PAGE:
Emails obtained by Lucy Parsons Labs reveal that Geofeedia touted social media surveillance of middle and high school students by its suburban Chicago police customers in an effort to sell their services to Evanston police.
Geofeedia provides law enforcement with tools to monitor social media use by mapping location and other data. It has received funding from the investment arm of the CIA, In-Q-Tel.
The company became infamous after the American Civil Liberties Union (ACLU) published a report in 2016 on the use of their products by police to monitor demonstrations against police violence.
Geofeedia’s courting of the Evanston Police Department (EPD) goes back to 2013, and as emails show, the company developed a relationship with police at a time when the sale of surveillance technology to law enforcement became ubiquitous.
“Skokie Police has been very successful in identifying drug related crimes as well as monitoring local middle and high schools 24/7,” wrote Jon Newman of Geofeedia in an email to EPD Commander Jay Parrott sent on October 23, 2013.
Parrott responded to that email by writing, “Thanks for the email, and I will speak with our analyst and intelligence officers about setting up a time to look over your product.”
The Skokie Police Department previously denied the existence of any emails between them and Geofeedia for the years 2012 through 2014.
The social media surveillance company was founded in 2011 and moved to Evanston in 2012.
In October 2013, Parrott spoke with Newman at the International Association of Chiefs of Police conference in Philadelphia. Parrott received a follow-up email from Newman after the conference.
“Thank you for taking the time to speak with me during IACP. Sorry I grabbed you out of nowhere,” wrote Newman. “I just noticed the Evanston on your badge.” He hoped to visit the department to show off his company’s technology.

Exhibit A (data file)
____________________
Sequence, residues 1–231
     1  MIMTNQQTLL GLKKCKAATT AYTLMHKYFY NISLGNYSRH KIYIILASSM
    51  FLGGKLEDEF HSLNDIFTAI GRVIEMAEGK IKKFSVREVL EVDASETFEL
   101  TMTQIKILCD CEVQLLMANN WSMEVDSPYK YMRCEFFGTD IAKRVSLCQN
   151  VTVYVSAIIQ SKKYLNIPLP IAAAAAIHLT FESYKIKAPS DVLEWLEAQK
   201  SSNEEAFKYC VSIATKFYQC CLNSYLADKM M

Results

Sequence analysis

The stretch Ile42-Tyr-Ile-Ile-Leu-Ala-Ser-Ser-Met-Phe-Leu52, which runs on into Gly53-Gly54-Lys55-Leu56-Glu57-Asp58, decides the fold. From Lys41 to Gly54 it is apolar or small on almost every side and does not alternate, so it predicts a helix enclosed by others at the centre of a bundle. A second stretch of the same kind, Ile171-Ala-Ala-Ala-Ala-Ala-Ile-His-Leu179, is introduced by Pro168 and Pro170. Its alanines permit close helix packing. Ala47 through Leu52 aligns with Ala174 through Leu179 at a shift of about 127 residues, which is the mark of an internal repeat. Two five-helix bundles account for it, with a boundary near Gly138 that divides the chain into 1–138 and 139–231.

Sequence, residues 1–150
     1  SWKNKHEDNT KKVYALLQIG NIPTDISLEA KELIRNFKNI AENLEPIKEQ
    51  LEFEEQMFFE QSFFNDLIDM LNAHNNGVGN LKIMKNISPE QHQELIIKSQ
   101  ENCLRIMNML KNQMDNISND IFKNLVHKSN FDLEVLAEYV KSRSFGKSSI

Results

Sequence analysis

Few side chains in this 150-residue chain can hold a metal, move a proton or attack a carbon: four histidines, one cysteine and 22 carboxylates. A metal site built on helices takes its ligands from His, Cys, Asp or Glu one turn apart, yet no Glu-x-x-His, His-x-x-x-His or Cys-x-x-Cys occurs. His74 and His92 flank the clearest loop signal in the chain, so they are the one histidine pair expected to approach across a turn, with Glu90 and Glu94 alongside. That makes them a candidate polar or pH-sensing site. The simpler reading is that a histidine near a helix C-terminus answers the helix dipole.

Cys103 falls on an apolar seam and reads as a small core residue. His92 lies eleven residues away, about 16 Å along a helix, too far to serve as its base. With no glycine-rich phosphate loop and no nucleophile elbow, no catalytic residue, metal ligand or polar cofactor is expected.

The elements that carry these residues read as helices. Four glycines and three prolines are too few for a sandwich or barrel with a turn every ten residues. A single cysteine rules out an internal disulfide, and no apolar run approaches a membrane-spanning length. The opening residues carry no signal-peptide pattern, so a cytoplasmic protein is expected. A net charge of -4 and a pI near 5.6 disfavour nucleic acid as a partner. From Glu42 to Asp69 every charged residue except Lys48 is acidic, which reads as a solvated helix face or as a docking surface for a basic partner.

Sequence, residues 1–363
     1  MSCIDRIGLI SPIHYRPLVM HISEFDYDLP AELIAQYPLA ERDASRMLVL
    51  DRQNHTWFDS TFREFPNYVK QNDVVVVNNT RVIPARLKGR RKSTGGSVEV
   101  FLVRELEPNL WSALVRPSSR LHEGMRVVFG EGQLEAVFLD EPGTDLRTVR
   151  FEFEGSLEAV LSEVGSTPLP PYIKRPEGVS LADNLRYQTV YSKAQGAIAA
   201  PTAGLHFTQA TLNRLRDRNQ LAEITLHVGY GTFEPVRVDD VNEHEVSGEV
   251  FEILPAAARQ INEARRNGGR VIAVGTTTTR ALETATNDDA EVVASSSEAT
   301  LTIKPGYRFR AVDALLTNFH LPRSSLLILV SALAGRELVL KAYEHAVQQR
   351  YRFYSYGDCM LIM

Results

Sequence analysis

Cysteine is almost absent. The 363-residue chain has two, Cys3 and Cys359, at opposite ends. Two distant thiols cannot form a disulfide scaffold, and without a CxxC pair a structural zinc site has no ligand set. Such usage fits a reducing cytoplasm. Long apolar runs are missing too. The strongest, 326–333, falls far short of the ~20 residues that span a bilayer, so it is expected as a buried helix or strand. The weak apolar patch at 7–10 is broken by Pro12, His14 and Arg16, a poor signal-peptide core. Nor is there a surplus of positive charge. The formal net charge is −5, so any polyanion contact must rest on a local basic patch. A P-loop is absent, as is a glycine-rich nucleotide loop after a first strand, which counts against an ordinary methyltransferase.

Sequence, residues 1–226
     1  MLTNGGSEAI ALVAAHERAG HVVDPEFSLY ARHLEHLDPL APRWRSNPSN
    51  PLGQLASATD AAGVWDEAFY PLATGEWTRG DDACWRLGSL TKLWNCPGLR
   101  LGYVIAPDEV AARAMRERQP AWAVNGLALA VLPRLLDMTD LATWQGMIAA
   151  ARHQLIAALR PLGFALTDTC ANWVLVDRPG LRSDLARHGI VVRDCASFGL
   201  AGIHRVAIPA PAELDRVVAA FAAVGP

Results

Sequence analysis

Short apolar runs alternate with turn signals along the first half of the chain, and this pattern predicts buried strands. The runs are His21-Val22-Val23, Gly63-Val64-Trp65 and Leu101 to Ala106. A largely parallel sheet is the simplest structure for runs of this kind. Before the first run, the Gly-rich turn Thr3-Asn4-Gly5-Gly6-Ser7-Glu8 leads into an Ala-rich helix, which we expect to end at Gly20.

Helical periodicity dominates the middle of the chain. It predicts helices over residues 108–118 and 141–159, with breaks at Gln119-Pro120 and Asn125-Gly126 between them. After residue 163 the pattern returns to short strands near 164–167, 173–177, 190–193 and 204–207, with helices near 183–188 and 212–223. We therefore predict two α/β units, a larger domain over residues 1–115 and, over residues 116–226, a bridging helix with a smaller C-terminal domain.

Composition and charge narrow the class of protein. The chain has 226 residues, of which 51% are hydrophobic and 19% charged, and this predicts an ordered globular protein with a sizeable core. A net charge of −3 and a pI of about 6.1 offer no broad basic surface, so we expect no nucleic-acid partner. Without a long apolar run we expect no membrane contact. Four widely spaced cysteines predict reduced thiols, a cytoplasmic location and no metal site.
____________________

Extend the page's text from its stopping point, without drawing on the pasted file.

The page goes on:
After a presentation by Geofeedia in November 2013, Parrott contacted the company to express EPD’s interest. “Thank you for the presentation and all personnel were impressed. We are now trying to figure out how to work it into our operations and budget.”
“But I can say there is a need for this intelligence with our current policing strategy,” Parrott added.
In April 2018, a Freedom of Information Act (FOIA) request by Lucy Parsons Labs led to the release of a January 2014 contract between Evanston and Geofeedia. At a town hall meeting later that month, Evanston police representatives were asked about their use of social media surveillance. They claimed Evanston no longer used the technology, which allows police to monitor social media activity by geographical location.
Department officials did not discuss the “need” for social media surveillance, which they had identified in 2013.
“What if I say something unsavory in that geography to somebody, and it’s none of your business?” one resident wanted to know. “So how am I protected?”
Commander Joseph Dugan responded by saying that EPD had only used the service for a short time, calling it “a marketing and law enforcement tool.” Evanston’s 2016 budget report included a payment to Geofeedia.
EPD limited their comments at the April 26 town hall to their use of Geofeedia to monitor large events and do “community outreach.”
“We don’t find necessarily it’s very useful in Evanston,” said EPD intelligence officer Christopher Tortorello.
Detective Thomas Giese contrasted policing in Evanston with the neighboring Chicago Police Department’s approach to large events like the Taste of Chicago.
At those events, “CPD will have a van set up,” he began, then stopped. “Don’t quote me on a van.”
Selling its customers on the surveillance of children was only part of Geofeedia’s business strategy.
In January 2013, Evanston’s Digital Services Coordinator Luke Stowe started received promotional emails from Geofeedia. (Stowe later joined the Department of Homeland Security’s “Social Media Working Group for Emergency Services and Disaster Management” while working as the city’s Chief Information Officer.)
The emails showcased “live user-generated content” from major events like the Super Bowl and the first inauguration of Barack Obama.
Other emails promised access to different information, delivering links to “map and collage” and “geostream” pages for incidents of mass violence (on the day they occurred) to current and potential customers.
Another email included a link, without further comment or explanation, to social media data collected by the company after a fire at a Brazilian nightclub killed 242 people. It was signed “Best regards, The Geofeedia Team.”